In Canada, March is Nutrition Month, and once again this year, Breakfast Club of Canada is seizing the opportunity to discuss all aspects of healthy nutrition.
On the menu this week: the Nutrition Committee
Healthy eating lies at the heart of the school food vision. If going to school on a full stomach can help children maintain proper concentration throughout the day, it’s easy to see how a rich and nutritious diet can enhance their focus even more.
Constantly seeking to improve and further support the school breakfast programs, the Club counts on the assistance of its Nutrition Committee. Made up of Club employees whose expertise are in healthy eating, school food and food security, the committee acts an advisory board and a liaison body for schools and on-the-ground partners across the nation.
Working collaboratively, the committee members tackle issues and challenges that their respective communities and schools face. Furthermore, the committee works on developing resources and tools that help to further support the growth of all BCC school breakfast programs.
At the organizational level, the Nutrition Committee offers advice on food procurement, food access, and nutrition standards related to school food programing. For instance, the committee is currently working on developing a strategy to encourage social equity and diversity in breakfast programs. Nutrition Committee members also provides recommendations on food products, recipes and menus for those overseeing and managing the programs.
As we celebrate Nutrition Month, let’s show some appreciation for the work accomplished by the Nutrition Committee members!
Programs Support Advisor
Catherine works hand in hand with the Club coordinators assigned to the different regions of Quebec, where close to 450 breakfast programs co-exist. She ensures the various programs align and acts as an advisor who provides advice and opinions on best practices, tools and processes.
A nutrition graduate, she invites parents and teachers to be open-minded in the kitchen: “We shouldn’t hesitate to present variety on children’s plates, nor should we get discouraged if they don’t show enthusiasm towards certain foods. Tastes evolve quickly at a young age, and the sooner we educate children about healthy nutrition, the more we increase their chances of succeeding in the long run.” Beyond quantity and quality of ingredients, Catherine invests much effort evaluating how to improve the overall meal experience so to impact youth positively in their development.
Senior Program Coordinator
Chelsey is the main point of contact for close to 90 schools in Nunavut, Saskatchewan, British Columbia and southern Alberta. The main focus of her role is to support schools to run high quality breakfast programs across the board.
Over the past three years she has witnessed the Club’s support increase in Western Canada, where the number of children reached by Breakfast Club of Canada continues to grow. All breakfast programs are unique in that they adapt to their local realities and needs, and the committee is a great way to discuss and collaborate on resources to support nutrition in programs across Canada. Because the region she covers is massive and includes several Indigenous communities, the inclusion of culture and food traditions in programs are high on her priority list. She believes that now more than ever, it is important to stay engaged at the community level to be able to respond to local needs as they arise.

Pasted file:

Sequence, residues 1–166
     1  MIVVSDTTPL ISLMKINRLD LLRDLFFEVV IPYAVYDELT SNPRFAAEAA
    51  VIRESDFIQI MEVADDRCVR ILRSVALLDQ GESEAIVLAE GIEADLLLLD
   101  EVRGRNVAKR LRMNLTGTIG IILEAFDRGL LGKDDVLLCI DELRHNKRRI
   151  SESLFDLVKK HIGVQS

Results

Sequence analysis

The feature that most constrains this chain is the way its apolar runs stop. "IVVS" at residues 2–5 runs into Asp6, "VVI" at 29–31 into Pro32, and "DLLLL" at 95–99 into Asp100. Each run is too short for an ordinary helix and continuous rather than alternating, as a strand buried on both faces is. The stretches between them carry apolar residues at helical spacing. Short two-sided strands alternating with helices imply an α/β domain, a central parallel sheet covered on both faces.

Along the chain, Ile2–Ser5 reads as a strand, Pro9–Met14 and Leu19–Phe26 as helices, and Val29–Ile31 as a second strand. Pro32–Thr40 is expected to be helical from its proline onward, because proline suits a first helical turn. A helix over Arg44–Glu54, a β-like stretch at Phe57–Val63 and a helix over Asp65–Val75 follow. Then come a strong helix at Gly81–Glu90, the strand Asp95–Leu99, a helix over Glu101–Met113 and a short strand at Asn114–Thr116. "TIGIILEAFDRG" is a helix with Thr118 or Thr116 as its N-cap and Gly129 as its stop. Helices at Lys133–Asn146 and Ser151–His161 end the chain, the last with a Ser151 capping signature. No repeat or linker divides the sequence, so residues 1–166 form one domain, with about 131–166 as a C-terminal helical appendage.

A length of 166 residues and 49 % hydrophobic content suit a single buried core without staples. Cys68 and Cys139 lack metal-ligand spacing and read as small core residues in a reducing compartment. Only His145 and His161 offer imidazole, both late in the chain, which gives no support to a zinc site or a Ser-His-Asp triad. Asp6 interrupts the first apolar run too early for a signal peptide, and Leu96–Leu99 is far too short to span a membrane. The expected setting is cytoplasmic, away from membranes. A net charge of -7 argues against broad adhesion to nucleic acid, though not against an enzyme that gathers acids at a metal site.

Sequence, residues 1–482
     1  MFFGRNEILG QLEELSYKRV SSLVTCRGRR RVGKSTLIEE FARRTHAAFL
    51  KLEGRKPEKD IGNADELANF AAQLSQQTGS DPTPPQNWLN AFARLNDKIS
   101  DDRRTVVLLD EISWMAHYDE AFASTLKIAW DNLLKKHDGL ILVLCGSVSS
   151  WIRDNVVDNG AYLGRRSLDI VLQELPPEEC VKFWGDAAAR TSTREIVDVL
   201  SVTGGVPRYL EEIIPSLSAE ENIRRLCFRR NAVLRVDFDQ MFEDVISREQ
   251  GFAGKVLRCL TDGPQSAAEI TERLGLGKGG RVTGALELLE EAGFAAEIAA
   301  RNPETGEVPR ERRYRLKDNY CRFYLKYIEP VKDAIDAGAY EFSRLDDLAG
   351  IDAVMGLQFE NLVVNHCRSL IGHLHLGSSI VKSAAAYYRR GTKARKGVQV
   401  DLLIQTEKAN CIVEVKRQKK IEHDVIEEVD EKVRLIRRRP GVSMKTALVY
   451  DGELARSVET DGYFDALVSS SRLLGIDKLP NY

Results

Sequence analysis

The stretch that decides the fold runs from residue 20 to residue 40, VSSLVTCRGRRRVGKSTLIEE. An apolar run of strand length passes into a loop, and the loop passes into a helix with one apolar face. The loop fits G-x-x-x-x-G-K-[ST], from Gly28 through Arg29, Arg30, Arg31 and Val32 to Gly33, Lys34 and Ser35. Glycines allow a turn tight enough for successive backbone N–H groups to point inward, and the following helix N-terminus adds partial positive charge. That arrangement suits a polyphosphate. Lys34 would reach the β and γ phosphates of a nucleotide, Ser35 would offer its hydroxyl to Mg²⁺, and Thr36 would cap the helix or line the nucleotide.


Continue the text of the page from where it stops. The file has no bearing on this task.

Programs Coordinator, Montreal and Lanaudière (Quebec)
Virginie is the most recent addition to the Nutrition Committee. As a dietician, she is particularly interested in public health and food security. Her experience makes her an advocate against the feelings of guilt that many parents face. She feels strongly that getting kids to eat healthy is about balance and variety, not perfection.
Representing the Club on community-level engagement projects such as La Cantine pour tous, she sees her role as that of the facilitator of a complex multistakeholder network whose goal is to reinforce collaboration to give way to more cohesive and sustainable food aid services. Mindful of letting the community speak for itself and of allowing for a diversity of voices to be heard, Virginie approaches her work with sensitivity and scrutiny.
Coordinator, Manitoba and Alberta North-East
Maxine understands the realities of rural and remote communities, she completed her Master’s thesis at the University of Manitoba studying the sustainability of school breakfast programs. Her day-to-day role involves working closely and collaboratively with schools in both urban and northern communities.
A large portion of Maxine’s work is dedicated to food accessibility projects. Transportation and food availability are very real issues for some of the schools she supports, which in turn affects the cost and quality of products. Beyond her day-to-day work with schools, she is deeply motivated by the public engagement aspect of her work: “It’s important for people to know that the socioeconomic situation of families is not the only factor explaining why a child might go to school on an empty stomach. Many other factors can come into play.”
Are you looking for ideas of activities to do or recipes to try during spring break or Nutrition Month? Check out our recipe book!